Have you ever conversed with someone and you could feel power illuminating from their presence? Well, that is exactly how I felt during a recent interview with the fascinating Osato Chitou Esq. The profound exchange between the two of us shed light on some of the many aspects of womanhood, professionalism, and culture. Watch her TEDx Women's talk, live in Tampa, FLA, December 3, 2021.
Marla: Before we get started tell me a little about yourself.
Osato: I am a lawyer by training. My area of expertise is corporate health care and health care compliance. I am an aspiring stand-up comic. I believe in living a life in which we exude all parts of ourselves. This is actually something new I’ve been learning over the past few years. Previously, I just used to exist, now I live. There is a significant difference between existing and living. So when you ask who I am, I am a multitude of things. God did not just put me on this Earth to pay a bill; he wants me to shine. So what does shining mean to me? It means that being a corporate health care attorney is just one piece of my life. There are many other, bigger things that I have been put on this Earth to do. There is only one me. In my uniqueness, I believe that I was specifically put here to fulfill a purpose. The bigger pieces of my life are the reason I was put on this Earth. The universe wants that piece to shine; the creator, the connector, the spiritual, that piece is tied to the struggles of Black women, Immigrant women; that piece is the audacity to live as we were meant to.
Marla: Congratulations on being named a TEDx Westshore speaker in 2021! Can you give us a little insight about your TEDx Women’s Topic?
Osato: I will be speaking about living authentically. This year's TEDx Women’s 2021 theme is What Now. So, what now? After all the universal trauma we’ve lived as Americans, immigrants, women, and Black women, what now? Can we begin to live authentically without repercussions? We are told we can, yet we still feel resistance in all things, both big and small. It’s important for all of us to question who we are in this new space we live in. It’s beyond what we do because that is only a small part of who we are. If we don’t know who we are, how will we know what we need in order to better understand ourselves? I believe we were all put on this Earth to do something special and significant. What is that special thing? We won’t know unless we truly ask ourselves who we are. Furthermore, once we know who we are, what will we do with that information?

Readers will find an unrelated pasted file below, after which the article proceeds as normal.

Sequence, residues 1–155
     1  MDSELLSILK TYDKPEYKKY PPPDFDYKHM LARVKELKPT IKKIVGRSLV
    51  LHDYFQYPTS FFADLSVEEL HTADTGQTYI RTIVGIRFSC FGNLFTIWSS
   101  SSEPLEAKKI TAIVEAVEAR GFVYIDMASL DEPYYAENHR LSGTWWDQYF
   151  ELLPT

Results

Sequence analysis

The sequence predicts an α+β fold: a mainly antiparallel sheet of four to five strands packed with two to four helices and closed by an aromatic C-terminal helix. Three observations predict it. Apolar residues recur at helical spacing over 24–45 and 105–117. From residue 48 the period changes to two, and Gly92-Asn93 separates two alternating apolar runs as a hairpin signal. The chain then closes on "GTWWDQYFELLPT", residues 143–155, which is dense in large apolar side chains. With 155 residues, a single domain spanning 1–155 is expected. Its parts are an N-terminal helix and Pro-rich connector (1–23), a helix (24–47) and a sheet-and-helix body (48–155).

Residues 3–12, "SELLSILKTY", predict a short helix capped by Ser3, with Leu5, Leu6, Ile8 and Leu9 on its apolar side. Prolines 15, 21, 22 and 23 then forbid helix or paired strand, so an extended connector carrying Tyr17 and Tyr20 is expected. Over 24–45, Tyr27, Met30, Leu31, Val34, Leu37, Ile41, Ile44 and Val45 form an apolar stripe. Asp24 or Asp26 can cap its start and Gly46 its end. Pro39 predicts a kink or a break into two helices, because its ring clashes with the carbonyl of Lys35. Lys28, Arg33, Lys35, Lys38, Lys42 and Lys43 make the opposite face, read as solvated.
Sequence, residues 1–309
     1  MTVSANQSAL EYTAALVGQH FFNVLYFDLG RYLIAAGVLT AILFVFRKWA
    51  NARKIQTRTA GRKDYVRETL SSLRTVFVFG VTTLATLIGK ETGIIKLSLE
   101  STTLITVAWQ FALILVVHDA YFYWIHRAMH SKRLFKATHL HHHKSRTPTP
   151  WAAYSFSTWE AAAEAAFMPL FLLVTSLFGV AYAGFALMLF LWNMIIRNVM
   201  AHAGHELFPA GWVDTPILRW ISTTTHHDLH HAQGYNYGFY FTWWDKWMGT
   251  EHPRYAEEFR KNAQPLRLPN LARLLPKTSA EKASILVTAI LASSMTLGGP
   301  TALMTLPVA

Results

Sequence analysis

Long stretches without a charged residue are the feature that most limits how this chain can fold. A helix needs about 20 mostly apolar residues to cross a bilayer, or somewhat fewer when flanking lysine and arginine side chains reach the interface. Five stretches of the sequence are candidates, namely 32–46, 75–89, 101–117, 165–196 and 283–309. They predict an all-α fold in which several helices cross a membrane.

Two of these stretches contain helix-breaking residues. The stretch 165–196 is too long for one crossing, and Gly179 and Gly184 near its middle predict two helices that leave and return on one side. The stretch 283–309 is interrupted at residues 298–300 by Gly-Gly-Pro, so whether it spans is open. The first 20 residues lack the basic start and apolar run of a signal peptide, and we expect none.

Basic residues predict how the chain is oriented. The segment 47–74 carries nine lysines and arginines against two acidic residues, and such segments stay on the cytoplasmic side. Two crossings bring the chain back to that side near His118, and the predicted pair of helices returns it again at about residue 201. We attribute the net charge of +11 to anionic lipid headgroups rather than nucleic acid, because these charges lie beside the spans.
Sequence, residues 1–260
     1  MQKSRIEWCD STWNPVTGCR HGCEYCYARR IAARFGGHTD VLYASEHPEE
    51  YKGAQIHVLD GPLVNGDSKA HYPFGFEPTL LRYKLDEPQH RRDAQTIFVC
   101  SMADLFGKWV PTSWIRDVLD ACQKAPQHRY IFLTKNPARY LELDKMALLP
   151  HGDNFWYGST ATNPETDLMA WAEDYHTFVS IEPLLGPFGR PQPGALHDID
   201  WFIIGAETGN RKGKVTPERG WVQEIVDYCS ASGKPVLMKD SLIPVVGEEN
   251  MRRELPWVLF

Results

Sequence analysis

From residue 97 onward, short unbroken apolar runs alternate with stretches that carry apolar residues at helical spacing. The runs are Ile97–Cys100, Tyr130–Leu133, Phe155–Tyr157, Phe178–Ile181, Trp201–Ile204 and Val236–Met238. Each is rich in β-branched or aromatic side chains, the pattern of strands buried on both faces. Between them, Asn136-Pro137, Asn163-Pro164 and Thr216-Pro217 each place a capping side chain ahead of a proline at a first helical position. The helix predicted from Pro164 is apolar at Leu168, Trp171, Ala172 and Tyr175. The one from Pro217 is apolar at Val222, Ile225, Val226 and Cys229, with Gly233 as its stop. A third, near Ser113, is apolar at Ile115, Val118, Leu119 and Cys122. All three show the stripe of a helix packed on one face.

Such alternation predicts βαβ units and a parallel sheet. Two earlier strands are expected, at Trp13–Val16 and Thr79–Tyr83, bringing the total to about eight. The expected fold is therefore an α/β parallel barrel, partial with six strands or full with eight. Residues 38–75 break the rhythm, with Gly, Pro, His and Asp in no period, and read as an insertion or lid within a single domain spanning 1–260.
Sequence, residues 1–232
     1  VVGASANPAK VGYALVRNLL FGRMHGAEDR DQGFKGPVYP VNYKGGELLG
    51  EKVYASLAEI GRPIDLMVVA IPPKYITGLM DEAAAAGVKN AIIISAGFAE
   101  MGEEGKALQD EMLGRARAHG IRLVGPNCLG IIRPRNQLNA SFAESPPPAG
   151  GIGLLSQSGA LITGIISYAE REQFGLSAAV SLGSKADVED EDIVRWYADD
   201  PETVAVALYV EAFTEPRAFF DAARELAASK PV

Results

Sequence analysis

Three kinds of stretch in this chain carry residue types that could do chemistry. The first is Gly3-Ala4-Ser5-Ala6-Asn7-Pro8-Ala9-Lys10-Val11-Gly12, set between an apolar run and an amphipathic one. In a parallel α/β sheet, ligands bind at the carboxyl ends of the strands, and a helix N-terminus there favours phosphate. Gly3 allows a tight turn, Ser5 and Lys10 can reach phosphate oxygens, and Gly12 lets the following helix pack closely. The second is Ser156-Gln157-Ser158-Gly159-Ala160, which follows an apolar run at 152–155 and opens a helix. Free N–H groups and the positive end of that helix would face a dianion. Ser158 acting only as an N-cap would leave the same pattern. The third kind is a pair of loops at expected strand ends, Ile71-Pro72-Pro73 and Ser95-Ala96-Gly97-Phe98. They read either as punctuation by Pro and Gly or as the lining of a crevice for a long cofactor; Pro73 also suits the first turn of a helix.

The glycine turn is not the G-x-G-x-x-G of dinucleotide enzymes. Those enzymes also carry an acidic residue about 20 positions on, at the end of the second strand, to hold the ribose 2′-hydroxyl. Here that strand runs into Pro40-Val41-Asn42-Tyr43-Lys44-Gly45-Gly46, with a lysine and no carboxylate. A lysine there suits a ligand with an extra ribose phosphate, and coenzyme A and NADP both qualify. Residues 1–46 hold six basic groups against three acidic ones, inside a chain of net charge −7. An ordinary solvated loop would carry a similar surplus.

Marla: Who or what would you credit in your life for your successes?
Osato: That’s a great question. If you had asked me this five years ago, I would have given you a completely different answer. It would have been someone in my professional work life. But now, being where I am today, it is my mother. My family came to the U.S. with nothing in the 1980s as immigrants from Nigeria. My father went to grad school in New York. In our culture, success was vital. Watching my mother’s transition from the 1980s mom, I once knew to the 2021 mom I have now made me realize how hard she worked. I never gave her credit. I didn’t recognize the power of having a working mother until recently. Now I see how difficult it must have been for her to balance working a full-time job and caring for four children while maintaining a traditional role as the caregiver in our home. I didn’t realize the significant impact she had on me.
Marla: What is the most influential book you’ve read and why?
Osato: The Four Agreements by Don Miguel Ruiz, I read this book recently. It is a simply written book. The book speaks about the four agreements of being:
Be impeccable with your word.
Don’t take it personally.
Don’t make any assumptions.
Always do your best.
I’ve learned, life would be a lot easier if we lived by these principles. Since reading, I have become more intentional in my everyday interactions with myself and others.
Marla: What would you say is the most significant misstep in an individual's journey to becoming their most authentic self?
Osato: Using other people as a measuring stick. The moment we start comparing ourselves with others, that in itself is a symbolic death. I get it; it is hard not to compare ourselves with others. We have created a curated world in a sense that is not real. Honestly, it is difficult not to compare one’s self to another. Nonetheless, we have to take a step away, and focus inward. We have to do an inner excavation to learn who we are and what we want to be.
Marla: How do we conduct an inner excavation? Where do we start?
Osato: If we can dedicate twenty minutes each day to sit with ourselves, however sitting with ourselves may look. It can be sitting in a quiet room, journaling, or reflecting. It is the quietness of our minds that allows for deep thinking. Start with this question; who am I? It is a hard question to answer, but its continuity brings forth the answers we seek. We need to continuously go back to that question throughout our lives because the answer can change. We have to give ourselves the space and time to answer the question wholly. It is easy to protect ourselves by creating a curated answer. I am Osato, and I am a lawyer and a mom. But we are more than what we do. Being our authentic selves gives us the space to realize the power within us. My goal is just that, to help others find their power within.